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more it turned out nothing but disappointment, till one morn ing, when we all were seated round the breakfast-table, he occupying his usual stand at the side table, flourishing a carving knife and fork, and exclaiming, "Tongue, chicken, beef? Speak, Benzonians! speak, or—for evermore eat only bread and butter," or some other of his facetious sallies, I observed my brother to be mightily diverted by the perusal of a newly-arrived letter, which, judging by its great warming-pan of a seal, its straggling handwriting, and its being of the aforenamed winged tribe, was certainly, I thought, an old acquaintance.
"What is papa laughing at?" exclaimed Helen, springing up from her seat, and gliding round to look over his shoulder. My brother, still laughing irresistibly, warded off her playful attempts to snatch away the letter, which, being a merry one, she had regarded as lawful game. Meanwhile her papa, making a long arm, handed the facetious MS. to the top of the table, desiring that, when read, it might be passed on to Aunt Mary, whose looks I dare say betrayed her longing desire to peruse the contents of an epistle which could thus overcome his remarkable command of counte nance, and cause the shoulders of his sedate partner to shake with silent laughter. How heartily I participated in their merriment will be better understood by a literal transcript of the enclosures in question.
The first ran thus:
"MY DEAR REAR-ADMIRAL FITZROCKET,-You remember what you said that I must apply to you if I wanted promotion. That's what I want now if I could get it, not for myself, but poor Walton. A better fellow never stepped on plank, nor a braver. He has been in fourteen battles, but, as ill-luck would have it, never got wounded in any of them. So I hope you will be so kind as to get him made lieutenant, as soon as possible, and have him appointed to your own flag-ship.
I remain, my dear Rear-Admiral Fitzrocket,
"P.S.—If you do this kindness now, I promise not to trouble you again when I want a shove up for myself-I am not afraid when that time comes."
The accompanying enclosure from the Admiral himself ran as follows:
“MY DEAR SIR,—The enclosed original will, I have no doubt, divert you, as it has me; but I must beg the favour of your letting me have it again. In the meantime have the goodness to apprize that fine young fellow of yours, that he must despatch his protegé,
without loss of a day, to my address, 45, Street, Square. Let Walton be punctual to the minute-half-past nine, A.M., properly rigged and prepared, to accompany me to the Board of Admiralty, bringing with him all his testimonial papers, &c.; and pray assure my young friend, that I shall by no means consider my promise to him as cancelled by this lift to his friend though by George! if England has not spent the last shot in her locker, I firmly believe he will one day have a gazette of his own.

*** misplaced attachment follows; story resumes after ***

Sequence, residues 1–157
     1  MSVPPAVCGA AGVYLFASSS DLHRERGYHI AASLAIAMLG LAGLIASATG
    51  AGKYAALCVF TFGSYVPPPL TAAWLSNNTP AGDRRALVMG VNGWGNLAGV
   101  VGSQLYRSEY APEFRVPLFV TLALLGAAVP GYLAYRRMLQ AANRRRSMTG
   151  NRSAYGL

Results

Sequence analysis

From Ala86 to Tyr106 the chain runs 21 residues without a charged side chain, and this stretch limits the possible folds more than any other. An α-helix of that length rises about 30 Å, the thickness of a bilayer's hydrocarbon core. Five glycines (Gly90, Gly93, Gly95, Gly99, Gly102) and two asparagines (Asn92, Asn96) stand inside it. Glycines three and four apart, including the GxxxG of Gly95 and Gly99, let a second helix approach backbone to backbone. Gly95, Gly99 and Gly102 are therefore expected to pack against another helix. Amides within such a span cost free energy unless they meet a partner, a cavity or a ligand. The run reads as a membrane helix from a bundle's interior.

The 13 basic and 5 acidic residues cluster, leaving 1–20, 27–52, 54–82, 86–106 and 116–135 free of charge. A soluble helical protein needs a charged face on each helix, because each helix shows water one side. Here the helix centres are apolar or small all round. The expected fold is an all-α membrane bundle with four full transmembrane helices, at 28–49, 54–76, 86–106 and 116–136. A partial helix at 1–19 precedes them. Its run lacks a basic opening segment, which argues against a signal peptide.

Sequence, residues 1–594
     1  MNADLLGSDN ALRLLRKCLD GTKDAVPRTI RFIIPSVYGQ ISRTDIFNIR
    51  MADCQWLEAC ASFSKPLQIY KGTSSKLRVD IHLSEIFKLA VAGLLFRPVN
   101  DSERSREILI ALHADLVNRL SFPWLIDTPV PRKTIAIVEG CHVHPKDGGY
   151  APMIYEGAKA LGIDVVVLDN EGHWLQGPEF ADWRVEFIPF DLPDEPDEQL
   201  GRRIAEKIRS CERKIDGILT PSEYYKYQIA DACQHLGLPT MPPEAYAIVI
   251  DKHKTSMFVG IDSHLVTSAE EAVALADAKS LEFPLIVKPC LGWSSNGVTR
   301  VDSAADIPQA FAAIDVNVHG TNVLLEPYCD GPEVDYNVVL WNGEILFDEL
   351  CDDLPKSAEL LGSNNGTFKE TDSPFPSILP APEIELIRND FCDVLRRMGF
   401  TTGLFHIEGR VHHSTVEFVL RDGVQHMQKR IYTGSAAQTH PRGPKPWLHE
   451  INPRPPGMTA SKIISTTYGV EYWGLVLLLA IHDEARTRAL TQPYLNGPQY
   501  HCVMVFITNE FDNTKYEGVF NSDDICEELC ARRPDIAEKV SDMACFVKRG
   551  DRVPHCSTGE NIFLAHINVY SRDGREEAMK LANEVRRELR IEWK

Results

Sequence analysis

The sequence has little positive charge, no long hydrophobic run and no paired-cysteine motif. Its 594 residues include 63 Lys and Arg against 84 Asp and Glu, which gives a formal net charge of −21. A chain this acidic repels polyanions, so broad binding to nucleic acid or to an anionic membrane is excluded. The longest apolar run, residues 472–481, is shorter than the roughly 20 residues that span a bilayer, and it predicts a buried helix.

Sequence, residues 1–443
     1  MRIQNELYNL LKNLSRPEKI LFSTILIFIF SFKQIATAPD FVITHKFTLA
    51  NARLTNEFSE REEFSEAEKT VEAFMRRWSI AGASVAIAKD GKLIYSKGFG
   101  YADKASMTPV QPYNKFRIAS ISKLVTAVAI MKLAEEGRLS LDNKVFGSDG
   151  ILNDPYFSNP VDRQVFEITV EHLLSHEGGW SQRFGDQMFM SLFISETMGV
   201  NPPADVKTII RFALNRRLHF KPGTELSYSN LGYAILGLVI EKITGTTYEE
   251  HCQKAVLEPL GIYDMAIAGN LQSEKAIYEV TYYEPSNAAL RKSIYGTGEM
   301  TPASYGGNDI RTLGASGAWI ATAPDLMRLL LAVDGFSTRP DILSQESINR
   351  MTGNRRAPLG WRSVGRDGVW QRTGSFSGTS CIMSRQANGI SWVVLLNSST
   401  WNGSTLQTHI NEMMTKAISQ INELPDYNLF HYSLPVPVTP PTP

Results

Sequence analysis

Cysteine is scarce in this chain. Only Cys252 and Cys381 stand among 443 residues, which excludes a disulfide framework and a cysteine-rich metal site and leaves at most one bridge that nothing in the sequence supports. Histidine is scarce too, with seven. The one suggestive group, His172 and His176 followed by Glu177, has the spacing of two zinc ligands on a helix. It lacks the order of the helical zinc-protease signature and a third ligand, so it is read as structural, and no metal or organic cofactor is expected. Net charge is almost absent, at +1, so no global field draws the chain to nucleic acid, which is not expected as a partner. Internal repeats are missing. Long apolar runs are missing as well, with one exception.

"I remain, my dear Sir,
"With best compliments to your fair Lady,
On my returning these two characteristic letters to my brother with a reciprocal smile, I observed him to slip them quietly into his pocket, which I thought so wise in him. What can be more detrimental to youthful simplicity than to find itself the object of applause? By engendering conceit and consciousness, it transforms its very nature into an affectation of naïveté; and, setting aside the graver question of its untruthful tendencies, can anything be more absurd than what one sometimes meets with—an affected original?
"Fred, my boy," said his papa, "do lay down that carving knife and fork you have been brandishing these ten minutes, and come to the table. You see nobody will employ you-not at least in that line. Happily, however, there are other roads to employment and promotion, as appears from a letter I have received from Admiral Fitz-—.”
-Rocket?" demanded Fred, darting to his father's side with the speed of lightning. "Tell me-show me-where's the letter, papa?"
"You shall have its contents, Fred my boy, and that is all you need to care about. The Admiral bids me tell you that he will give your friend, whoever he may be-you know best-a helping hand (such a hand as it is too !) if he will present himself at half-past nine, A.M., without loss of a single tick, at his lodgings, as hereafter named
Fred listened up to this point in a state of breathless ecstacy, and then, as if seeking vent for it, seized on poor Helen, who, in hopes of wheedling the letter out of him, was still hanging on her papa, and whirled her about in so relentless a style, that what with laughing and spinning round, she dropped quite exhausted into a chair. He then, after making a show of taking out his mother, which ended in a caress, proceeded to seize on dear quiet Gertrude. It was beautiful to behold how she entered, without resistance, into the spirit of the thing, floating round and round
with the graceful boy, till nobody could help thinking of Cupid. and Psyche, and wishing Canova had been there to sculpture them. Meanwhile my brother, in alarm at the visible admiration they inspired, kept on exclaiming aloud, "No waltzing here, girls-no polkaing nor waltzing here, as you value my blessing, unless it is with Fred, or myself, or perhaps with Uncle Charles." One would have thought the dear boy had enough of it by this time. No such thing: no sooner had Gertrude slipped away, and I managed to ward off his evident intentions towards my venerable self, than he seized poor bewildered Mr. Walton round the waist, and in defiance of having his own toes stepped upon every minute, continued to whirl him about till, as he himself owned, he was "fairly borne down by weight of metal," his more ponderous partner protesting all the while that he had "never felt so giddy in his born days— not even during his first cruise in the Bay of Biscay." Kind, simple soul! it was curious to see what time and pains it took to awaken him to the agreeable fact; but as soon (to employ an expressive native idiom) as we were able to insense him into the truth of the matter,' you could see he was oppressed by contending emotions. Poor fellow! first he turned on his youthful benefactor some such look as one could fancifully suppose old Anchises bestowed on Æneas. Then the thoughts of his aged mother, I suppose, came across him, for burying his face in his hands, he gave way to a burst of irrepressible weeping. This last testimony of feeling Fred evidently neither comprehended nor quite relished; for he left the room abruptly, muttering to himself, he "could not see any occasion for all that."